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ELECTION 2020: Snap election call made riding associations irrelevant

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October 02, 2020 - 7:00 AM

Premier John Horgan’s snap election call last week was a good political move for him because it caught other parties off guard and forced them to play catch-up.

But it also means that, for the vast majority of candidates in the Oct. 24 election, the democratic nomination process was eliminated as candidates are being appointed by head office.

B.C.’s election dates had been fixed since 2001 so riding associations had plenty of time to put the nomination process in place. That didn’t happen this time around because Horgan, leading a minority government, could call an election at any time. Or he could have been forced into one if he had lost the support of the Green Party.

“Riding associations are important and they should have a life between elections,” Max Cameron, who teaches in the department of political science at UBC in Vancouver, told iNFOnews.ca. “They should be where candidates rise up rather than be appointed by party leaders.”

That democratic process of having party members decide who the local candidate will be has not been perfect, Cameron said.

There are times when leaders want a star candidate to run as potential cabinet material and may even parachute such people into chosen ridings.

It’s the party leaders who sign the nomination papers and there are “green light” committees that vet the candidates to ensure they won’t be an embarrassment to the party so, ultimately, the power lies with the leader, Cameron said.

On the one hand, the party wants a candidate that will support the leader and the caucus.

On the other hand, rising through the riding association can be a way for someone interested in getting into politics to move up through the ranks.

But such people can also become thorns in the sides of the leaders, Cameron noted.

“The whole nomination process must be much better regulated than it currently is,” Cameron said. “Right now, it’s the Wild West.”

In the current case, it can be totally and easily bypassed.

With the snap election, there has not been enough time for calls to go out for nominations, for candidates to sign up members and votes to be held.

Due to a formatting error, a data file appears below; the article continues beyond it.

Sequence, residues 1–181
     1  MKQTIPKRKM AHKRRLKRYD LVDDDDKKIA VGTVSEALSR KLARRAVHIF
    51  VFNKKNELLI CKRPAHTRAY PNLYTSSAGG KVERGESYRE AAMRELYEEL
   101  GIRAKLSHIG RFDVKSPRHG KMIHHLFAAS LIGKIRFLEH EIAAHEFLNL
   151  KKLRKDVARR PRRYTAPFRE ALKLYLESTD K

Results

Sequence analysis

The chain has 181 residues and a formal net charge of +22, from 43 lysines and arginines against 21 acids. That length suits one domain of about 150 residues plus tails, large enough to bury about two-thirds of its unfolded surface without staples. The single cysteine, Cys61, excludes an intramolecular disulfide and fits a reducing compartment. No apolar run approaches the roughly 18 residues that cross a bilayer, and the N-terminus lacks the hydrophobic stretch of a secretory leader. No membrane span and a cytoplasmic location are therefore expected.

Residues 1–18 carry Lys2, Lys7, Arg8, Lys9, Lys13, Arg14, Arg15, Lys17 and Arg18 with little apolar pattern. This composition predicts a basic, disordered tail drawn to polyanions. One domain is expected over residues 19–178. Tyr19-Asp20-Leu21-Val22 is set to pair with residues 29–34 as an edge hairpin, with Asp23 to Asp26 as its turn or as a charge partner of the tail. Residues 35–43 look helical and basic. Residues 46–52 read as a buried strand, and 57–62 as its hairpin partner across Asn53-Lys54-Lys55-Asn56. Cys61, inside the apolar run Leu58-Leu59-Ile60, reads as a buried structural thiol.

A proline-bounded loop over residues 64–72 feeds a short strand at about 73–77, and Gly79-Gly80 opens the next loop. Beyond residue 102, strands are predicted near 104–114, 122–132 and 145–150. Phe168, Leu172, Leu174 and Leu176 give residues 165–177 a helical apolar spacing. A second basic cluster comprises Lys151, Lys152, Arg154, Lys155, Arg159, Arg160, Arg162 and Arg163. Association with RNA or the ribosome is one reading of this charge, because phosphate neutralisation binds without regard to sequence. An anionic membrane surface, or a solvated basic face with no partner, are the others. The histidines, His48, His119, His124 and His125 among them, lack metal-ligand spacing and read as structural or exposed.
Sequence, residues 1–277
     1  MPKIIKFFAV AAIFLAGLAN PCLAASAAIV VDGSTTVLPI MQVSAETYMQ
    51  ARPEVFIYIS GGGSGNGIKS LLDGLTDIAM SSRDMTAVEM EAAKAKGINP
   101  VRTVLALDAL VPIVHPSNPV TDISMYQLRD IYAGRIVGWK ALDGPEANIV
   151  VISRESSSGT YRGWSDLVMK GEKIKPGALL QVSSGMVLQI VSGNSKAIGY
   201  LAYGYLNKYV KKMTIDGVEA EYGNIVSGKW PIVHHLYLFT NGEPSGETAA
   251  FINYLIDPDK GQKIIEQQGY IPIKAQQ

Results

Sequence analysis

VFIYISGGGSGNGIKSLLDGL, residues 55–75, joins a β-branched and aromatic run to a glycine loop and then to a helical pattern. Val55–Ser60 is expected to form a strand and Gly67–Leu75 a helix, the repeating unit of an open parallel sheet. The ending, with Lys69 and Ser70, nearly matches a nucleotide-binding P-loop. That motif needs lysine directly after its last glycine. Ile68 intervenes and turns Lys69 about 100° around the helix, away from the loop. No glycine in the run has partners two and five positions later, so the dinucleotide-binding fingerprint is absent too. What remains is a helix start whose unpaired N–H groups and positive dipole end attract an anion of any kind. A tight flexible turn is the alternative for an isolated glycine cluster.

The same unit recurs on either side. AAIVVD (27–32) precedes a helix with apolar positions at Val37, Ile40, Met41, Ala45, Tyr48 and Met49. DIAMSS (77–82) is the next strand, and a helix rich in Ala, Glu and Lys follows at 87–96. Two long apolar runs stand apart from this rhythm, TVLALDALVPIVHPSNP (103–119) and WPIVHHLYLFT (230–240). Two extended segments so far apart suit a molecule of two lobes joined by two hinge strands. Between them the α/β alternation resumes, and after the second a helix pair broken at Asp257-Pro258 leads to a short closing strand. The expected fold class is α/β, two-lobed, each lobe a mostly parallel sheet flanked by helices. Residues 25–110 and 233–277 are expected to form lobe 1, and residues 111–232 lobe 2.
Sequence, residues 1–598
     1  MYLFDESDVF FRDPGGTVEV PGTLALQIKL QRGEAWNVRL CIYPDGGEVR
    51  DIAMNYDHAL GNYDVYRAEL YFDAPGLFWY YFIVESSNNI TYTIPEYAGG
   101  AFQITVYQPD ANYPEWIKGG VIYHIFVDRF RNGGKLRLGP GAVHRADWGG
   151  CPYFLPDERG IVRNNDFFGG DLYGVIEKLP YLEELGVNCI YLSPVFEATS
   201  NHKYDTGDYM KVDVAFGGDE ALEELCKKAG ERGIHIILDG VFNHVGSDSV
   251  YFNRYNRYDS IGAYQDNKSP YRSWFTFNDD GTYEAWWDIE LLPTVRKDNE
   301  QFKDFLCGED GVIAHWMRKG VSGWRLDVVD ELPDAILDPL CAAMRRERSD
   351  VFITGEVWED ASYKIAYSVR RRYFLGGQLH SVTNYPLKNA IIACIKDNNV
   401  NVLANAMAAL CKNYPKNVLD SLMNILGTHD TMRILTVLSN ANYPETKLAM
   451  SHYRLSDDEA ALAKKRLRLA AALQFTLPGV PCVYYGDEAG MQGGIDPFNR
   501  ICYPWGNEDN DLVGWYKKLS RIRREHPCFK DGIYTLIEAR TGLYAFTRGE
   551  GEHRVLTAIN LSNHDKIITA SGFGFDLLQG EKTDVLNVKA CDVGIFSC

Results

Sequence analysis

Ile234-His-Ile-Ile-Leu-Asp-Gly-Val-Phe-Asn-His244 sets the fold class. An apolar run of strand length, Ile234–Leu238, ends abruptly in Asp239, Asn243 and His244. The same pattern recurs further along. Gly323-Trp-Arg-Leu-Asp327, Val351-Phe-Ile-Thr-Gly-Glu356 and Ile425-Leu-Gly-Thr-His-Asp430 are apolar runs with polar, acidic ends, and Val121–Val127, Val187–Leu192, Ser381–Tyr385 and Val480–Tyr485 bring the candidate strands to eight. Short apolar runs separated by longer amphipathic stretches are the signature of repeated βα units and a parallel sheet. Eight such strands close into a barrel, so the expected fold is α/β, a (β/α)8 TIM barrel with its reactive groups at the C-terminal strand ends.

There were only 11 days between the Sept. 21 election call and the close of nominations set by Elections B.C. for 1 p.m. tomorrow, Oct. 2.

Last year’s race for the nomination to become the Conservative candidate in the Kelowna-Lake Country federal riding highlights how important a nomination race can be.

Former city councillor Tracy Gray and developer Renee Wasylyk (Merrifield) ran for the nomination.

Both spent a considerable amount of time encouraging people to join the party and they both got plenty of media attention.

READ MORE: Bitter back and forth between Kelowna Conservative party candidates continues

Kelowna-Lake Country had been a safe Conservative riding for decades before being snapped up by Liberal Stephen Fuhr in 2015. With the expectation that he was beatable, the real race was for the nomination.

Gray went on to win the nomination and was elected the MP last year.

Within 45 minutes of Horgan calling the election last week, Merrifield got a call from the B.C. Liberals asking her to run for them in Kelowna-Mission because incumbent Liberal Steve Thomson had retired.

She agreed and was quickly given the nomination, even though at least one other person, Kelowna city councillor Mohini Singh, had already put her name forward.

There won’t be a contest between Merrifield and Singh so local party members will have no say in who their candidate will be.

Even the NDP did not have enough notice to go through the nomination process in most ridings.

In fact, by 8 a.m. Oct. 1, only one NDP candidate in the seven ridings in the Okanagan and Kamloops was on Elections B.C.’s on-line list of nominated candidates.

That was Summerland Mayor Toni Boot who actually went through a nomination process in the Penticton riding and was acclaimed as the candidate on Sept. 16, just days before the election call.

READ MORE:Summerland Mayor Toni Boot to run for B.C. NDP in Penticton

To contact a reporter for this story, email Rob Munro or call 250-808-0143 or email the editor. You can also submit photos, videos or news tips to the newsroom and be entered to win a monthly prize draw.

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